Nuclear weapons have been many things: bombs, missiles, shoulder launched projectiles. Each is designed to counter another threat, deter a new kind of attack. So what about nuclear torpedoes? And nuclear mines? Juicy gossip from the naughty North Korea proposes that the hermit kingdom is well on its way to developing such technology. North Korea’s lagging manufacturing capabilities aside, let’s consider the purpose of such deterrence measures.
First, the nuclear torpedo. South Korea and the United States individually and together outman and outgun North Korea’s navy. Rather than invest billions to catch up (which would likely involve training AND feeding people) North Korea can close the margin with nuclear weapons. Torpedoes can be launched from ships, planes, and submersibles and target seaborne vessels. Unless North Korea specifies which delivery systems utilize nuke torpedoes, the U.S and S.K. see each enemy unit as a potential nuclear delivery vehicle supposedly limiting movement and engagement. In this scenario, entire fleets moving in close quarters remain in danger not just of a nuke’s blast radius but also from tsunami like waves. To mitigate potential damage to its own vehicles and, given proximity to North Korean coasts, to its fishing cooperatives N.K. would profit from fitting its torpedoes with tactical nukes.
But North Korea isn’t known for its practicality and efficiency. Given its numerous missile failures and small nuclear arsenal, any bomb in a torpedo is a good bomb. If the vague promise of a nuke in the water is enough to deter U.S. naval presence or aggression against the N.K. navy then the bomb has served its purpose (if it exists).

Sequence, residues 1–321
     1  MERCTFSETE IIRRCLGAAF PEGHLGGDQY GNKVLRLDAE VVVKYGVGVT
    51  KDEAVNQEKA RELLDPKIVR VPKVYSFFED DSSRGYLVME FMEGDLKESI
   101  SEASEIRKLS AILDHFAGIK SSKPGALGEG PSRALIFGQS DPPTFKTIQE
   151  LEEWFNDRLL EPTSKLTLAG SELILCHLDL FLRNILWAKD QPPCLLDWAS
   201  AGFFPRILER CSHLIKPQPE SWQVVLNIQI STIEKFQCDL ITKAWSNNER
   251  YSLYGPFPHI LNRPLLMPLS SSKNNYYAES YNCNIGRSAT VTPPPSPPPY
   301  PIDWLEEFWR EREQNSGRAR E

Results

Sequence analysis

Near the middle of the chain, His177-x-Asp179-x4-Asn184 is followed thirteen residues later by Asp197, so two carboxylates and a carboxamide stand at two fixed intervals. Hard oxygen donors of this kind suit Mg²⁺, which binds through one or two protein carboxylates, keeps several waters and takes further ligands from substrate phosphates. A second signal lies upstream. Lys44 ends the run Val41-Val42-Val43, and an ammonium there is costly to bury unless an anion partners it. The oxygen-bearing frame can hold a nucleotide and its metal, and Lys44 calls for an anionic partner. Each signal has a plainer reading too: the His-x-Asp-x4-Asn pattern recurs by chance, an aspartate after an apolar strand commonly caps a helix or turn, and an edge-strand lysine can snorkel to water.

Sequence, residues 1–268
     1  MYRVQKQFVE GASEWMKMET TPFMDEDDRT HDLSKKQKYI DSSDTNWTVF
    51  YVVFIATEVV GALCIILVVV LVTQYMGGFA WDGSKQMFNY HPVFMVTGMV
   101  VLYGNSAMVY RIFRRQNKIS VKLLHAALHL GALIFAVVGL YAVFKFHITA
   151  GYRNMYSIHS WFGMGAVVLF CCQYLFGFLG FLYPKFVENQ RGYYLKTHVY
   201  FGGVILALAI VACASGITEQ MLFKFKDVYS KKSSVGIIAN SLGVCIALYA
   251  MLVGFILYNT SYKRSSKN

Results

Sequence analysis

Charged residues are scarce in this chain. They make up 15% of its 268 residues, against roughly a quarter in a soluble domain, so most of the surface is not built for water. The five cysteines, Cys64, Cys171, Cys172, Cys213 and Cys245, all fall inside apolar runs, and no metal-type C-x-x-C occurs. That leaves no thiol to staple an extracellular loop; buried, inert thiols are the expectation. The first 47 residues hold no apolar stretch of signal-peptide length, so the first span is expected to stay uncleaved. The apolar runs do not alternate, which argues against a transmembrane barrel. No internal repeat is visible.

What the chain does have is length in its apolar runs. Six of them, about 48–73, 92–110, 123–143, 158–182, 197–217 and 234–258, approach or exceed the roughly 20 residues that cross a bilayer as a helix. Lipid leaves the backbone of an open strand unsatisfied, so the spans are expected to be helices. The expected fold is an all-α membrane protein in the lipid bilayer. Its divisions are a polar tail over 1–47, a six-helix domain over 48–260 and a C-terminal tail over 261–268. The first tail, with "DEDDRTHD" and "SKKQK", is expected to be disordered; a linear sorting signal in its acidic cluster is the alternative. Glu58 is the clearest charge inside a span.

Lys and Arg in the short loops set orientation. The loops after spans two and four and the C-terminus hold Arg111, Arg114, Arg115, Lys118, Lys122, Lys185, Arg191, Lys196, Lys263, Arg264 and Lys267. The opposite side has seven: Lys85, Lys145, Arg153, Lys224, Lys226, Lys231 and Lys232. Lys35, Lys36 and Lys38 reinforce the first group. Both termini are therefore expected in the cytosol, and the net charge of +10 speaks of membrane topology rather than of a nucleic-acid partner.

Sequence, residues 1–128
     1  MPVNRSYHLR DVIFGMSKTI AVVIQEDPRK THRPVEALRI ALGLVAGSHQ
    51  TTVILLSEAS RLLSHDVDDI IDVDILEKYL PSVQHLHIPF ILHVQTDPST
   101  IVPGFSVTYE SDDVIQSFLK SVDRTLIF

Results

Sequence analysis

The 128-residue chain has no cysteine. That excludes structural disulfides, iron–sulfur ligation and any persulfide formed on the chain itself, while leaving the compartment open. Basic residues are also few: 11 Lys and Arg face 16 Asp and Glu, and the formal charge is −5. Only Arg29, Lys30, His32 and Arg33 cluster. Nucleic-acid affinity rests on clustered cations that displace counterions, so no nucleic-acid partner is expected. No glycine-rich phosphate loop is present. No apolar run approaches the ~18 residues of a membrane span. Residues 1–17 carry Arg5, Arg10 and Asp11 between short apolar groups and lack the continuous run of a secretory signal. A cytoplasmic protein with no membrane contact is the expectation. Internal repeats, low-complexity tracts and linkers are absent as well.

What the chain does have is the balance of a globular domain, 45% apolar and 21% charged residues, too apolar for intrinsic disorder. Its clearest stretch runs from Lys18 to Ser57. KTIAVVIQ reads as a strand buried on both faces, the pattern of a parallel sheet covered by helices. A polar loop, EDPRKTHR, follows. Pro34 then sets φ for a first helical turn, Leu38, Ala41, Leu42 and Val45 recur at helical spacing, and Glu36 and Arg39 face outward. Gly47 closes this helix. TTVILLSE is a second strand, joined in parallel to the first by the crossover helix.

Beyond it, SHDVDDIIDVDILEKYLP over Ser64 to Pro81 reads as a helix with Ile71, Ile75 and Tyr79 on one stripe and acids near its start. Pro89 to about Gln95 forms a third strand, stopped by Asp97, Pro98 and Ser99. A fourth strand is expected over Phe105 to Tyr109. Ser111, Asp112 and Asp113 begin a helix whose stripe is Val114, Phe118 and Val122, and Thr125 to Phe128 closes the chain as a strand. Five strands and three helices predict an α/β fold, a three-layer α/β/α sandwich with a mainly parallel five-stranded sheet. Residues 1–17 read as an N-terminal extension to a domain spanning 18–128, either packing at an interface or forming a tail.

A nuclear mine would serve a lesser purpose but an effective one all the same. It wouldn’t be able to deter aggression against a navy but it would make trespassing more dangerous. It would be akin to an ornery neighbor putting bouncing betties in his yard to keep bratty kids out.
If North Korea can realize both of these ideas then it will turn itself into a giant nuclear landmine. This will only serve to make future diplomacy more difficult for incoming leaders isolating it from what little trade it has with Japan and making sea-trade with China arduous. Further, if and when it falls N.K. will leave behind a legacy of torture, not just to its people, but to those de-nuclearizing the ocean.